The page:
How medics can manage and reduce personal loan debt
Here are seven strategies to pay down debt and live within your means
EMS1 Lifestyle Staff
First responders, like most Americans, likely have debt from a car loan, home mortgage or unpaid credit card balance. You may also have personal loan debt.
What is personal loan debt
Personal loan debt is money an individual borrows from a financial institution, lender or credit union for personal use. Typically, a personal loan is unsecured, meaning there isn’t collateral like a home or car that the lender can repossess if the loan is not repaid. Personal loans are often used to consolidate existing debt, finance a major purchase or cover emergency expenses.
Personal loans usually come with fixed interest rates, repayment terms and monthly payments that the borrower agrees to pay over a specified time period. Each month, the borrower pays toward interest as well as the loan’s principal balance. Personal loan interest rates and terms can vary based on the borrower’s credit score, as well as the term and loan amount.
From Q3 2022 to Q3 2023, WalletHub reported that most U.S. states had an overall decrease in the average balance of unsecured personal loan debts, but 18 states saw an increase. According to John Kiernan, WalletHub editor, this “suggests that either people are handling the current economic conditions well, or they are turning to other sources of borrowing, like credit cards and buy-now-pay-later offers. Given Americans’ ever-growing mountain of credit card debt, the latter seems to be true.”
This map shows the states adding the most unsecured personal loan debt.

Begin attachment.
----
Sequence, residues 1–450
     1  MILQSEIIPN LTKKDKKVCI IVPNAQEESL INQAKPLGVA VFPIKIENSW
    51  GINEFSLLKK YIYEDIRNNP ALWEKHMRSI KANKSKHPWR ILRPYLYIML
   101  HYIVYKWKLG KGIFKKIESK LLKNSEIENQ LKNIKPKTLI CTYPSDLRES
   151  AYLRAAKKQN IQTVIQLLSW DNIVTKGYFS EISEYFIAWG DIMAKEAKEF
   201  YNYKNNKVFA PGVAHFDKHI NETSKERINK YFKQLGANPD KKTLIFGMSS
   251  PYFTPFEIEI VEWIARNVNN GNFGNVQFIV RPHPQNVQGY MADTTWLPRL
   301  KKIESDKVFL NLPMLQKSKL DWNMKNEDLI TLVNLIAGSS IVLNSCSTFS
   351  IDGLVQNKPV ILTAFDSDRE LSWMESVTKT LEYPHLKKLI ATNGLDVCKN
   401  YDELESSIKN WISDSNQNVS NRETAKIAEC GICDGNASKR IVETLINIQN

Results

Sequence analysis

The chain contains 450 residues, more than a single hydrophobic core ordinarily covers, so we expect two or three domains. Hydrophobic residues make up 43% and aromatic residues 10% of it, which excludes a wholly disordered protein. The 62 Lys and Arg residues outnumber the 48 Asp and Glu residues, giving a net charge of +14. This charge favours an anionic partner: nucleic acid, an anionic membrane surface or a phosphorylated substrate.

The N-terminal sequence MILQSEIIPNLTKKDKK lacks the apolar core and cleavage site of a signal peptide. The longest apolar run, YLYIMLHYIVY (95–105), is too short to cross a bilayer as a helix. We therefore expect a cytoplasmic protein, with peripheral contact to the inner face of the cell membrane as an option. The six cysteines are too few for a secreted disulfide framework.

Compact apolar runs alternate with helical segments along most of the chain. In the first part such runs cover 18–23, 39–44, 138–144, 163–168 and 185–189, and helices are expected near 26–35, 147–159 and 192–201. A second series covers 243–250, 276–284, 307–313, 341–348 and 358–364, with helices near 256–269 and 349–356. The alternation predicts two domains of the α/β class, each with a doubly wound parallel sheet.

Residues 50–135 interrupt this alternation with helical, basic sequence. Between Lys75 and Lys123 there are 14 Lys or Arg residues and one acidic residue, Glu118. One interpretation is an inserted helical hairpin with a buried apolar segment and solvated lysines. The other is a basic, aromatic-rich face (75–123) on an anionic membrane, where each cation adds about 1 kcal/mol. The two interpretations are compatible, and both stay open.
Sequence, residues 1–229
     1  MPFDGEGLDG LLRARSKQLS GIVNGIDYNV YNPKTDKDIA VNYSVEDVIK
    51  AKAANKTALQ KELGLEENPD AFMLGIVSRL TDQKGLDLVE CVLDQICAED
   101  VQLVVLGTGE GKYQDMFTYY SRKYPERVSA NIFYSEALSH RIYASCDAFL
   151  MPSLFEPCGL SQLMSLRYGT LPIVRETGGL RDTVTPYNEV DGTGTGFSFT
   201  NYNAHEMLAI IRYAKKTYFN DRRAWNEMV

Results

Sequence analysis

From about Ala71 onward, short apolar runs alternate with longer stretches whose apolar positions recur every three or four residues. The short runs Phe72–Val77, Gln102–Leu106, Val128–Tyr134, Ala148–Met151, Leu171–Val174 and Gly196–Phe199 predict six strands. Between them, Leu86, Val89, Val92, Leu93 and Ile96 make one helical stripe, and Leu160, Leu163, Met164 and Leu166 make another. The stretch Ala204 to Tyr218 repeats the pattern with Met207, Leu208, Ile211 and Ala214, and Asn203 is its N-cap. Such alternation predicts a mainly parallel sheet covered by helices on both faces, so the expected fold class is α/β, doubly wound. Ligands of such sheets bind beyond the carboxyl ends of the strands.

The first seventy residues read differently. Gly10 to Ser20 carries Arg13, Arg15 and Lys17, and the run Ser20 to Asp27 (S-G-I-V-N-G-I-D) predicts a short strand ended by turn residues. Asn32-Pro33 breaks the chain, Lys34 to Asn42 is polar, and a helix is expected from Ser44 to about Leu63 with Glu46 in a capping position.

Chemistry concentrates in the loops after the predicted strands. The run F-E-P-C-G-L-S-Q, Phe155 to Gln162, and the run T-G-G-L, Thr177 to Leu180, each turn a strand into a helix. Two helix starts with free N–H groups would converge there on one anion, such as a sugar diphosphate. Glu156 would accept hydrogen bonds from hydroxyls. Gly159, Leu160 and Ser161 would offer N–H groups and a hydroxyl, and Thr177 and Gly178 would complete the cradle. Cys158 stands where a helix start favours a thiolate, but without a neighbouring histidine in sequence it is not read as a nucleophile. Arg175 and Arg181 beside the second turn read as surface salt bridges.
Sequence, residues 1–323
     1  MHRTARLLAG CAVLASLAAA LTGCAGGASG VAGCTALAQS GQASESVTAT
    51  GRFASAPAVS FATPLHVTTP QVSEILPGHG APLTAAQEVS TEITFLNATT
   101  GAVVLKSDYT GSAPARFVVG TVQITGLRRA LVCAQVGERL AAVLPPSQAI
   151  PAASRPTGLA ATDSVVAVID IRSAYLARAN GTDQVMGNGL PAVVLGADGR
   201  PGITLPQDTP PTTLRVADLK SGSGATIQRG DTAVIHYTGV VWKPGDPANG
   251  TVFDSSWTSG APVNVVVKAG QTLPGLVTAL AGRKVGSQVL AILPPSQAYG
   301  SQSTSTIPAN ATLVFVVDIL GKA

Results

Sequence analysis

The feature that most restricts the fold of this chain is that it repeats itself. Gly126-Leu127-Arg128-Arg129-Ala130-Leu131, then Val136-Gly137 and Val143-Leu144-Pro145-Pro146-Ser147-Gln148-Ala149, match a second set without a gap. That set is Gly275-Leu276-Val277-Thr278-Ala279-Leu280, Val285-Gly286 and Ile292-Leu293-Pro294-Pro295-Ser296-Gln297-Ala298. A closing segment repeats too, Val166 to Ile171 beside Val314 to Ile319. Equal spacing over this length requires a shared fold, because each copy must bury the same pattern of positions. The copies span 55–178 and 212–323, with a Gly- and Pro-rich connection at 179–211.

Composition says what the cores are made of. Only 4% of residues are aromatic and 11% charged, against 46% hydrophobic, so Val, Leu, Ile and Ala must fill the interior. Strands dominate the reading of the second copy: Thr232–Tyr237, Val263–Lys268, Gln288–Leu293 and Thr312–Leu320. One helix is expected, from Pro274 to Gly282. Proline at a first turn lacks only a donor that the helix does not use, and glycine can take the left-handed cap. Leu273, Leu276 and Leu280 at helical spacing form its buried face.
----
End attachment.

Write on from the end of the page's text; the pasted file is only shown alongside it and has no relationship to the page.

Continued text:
The top five states with personal loan debt increases in the research period were Montana, Iowa, Delaware, Maine and Idaho.
7 tips to pay off personal loan debt
Regardless of where you live and work as a first responder, reducing debt should be a top goal and starts with living within your means. As a first responder, you should have a steady, predictable income that is occasionally or regularly supplemented with overtime wages. With that as a starting point, here are seven tips to pay off your personal loan debt.
1. Budget income and expenses every month. Create a detailed budget to understand your monthly income and spending, and identify areas to cut costs. Make sure your budget captures fixed costs, like housing and utilities, as well as variable expenses, like food and entertainment. Once you know how you are spending your money each month, prioritize loan repayments over non-essential expenses. Adding a few more dollars each month toward debt repayment can make a big difference.
Action item: Analyze your monthly expenses, prioritize essential spending and allocate extra funds to personal loan repayments.
2. Select a debt repayment method. After creating a budget that is within your monthly income, select an approach to debt reduction. The debt snowball approach aims at paying off debts with the smallest balances first for quick successes. The debt avalanche approach focuses on debts with the highest interest rates. Both methods can be effective in reducing overall debt. Do you want quick wins or big impacts?
Action item: Choose a debt repayment strategy (snowball or avalanche) and consistently apply extra payments to one loan at a time. After a debt is paid off, apply that payment amount to the next debt until you have paid all your debts.